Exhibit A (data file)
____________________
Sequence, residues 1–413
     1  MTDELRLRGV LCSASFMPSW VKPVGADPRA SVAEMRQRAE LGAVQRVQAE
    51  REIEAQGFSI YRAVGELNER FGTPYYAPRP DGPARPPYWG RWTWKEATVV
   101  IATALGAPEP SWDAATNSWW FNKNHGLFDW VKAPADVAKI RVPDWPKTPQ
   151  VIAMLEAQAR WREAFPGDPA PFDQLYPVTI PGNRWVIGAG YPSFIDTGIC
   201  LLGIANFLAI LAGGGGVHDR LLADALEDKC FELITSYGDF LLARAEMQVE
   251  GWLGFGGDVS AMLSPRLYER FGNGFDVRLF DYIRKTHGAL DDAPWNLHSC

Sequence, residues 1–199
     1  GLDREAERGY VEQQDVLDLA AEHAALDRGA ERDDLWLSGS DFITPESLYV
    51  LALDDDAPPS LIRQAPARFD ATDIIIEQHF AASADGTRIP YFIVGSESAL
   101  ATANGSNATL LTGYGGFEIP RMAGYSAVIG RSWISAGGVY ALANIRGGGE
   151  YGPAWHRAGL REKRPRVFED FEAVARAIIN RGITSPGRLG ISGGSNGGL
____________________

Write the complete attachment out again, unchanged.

Sequence, residues 1–413
     1  MTDELRLRGV LCSASFMPSW VKPVGADPRA SVAEMRQRAE LGAVQRVQAE
    51  REIEAQGFSI YRAVGELNER FGTPYYAPRP DGPARPPYWG RWTWKEATVV
   101  IATALGAPEP SWDAATNSWW FNKNHGLFDW VKAPADVAKI RVPDWPKTPQ
   151  VIAMLEAQAR WREAFPGDPA PFDQLYPVTI PGNRWVIGAG YPSFIDTGIC
   201  LLGIANFLAI LAGGGGVHDR LLADALEDKC FELITSYGDF LLARAEMQVE
   251  GWLGFGGDVS AMLSPRLYER FGNGFDVRLF DYIRKTHGAL DDAPWNLHSC

Sequence, residues 1–199
     1  GLDREAERGY VEQQDVLDLA AEHAALDRGA ERDDLWLSGS DFITPESLYV
    51  LALDDDAPPS LIRQAPARFD ATDIIIEQHF AASADGTRIP YFIVGSESAL
   101  ATANGSNATL LTGYGGFEIP RMAGYSAVIG RSWISAGGVY ALANIRGGGE
   151  YGPAWHRAGL REKRPRVFED FEAVARAIIN RGITSPGRLG ISGGSNGGL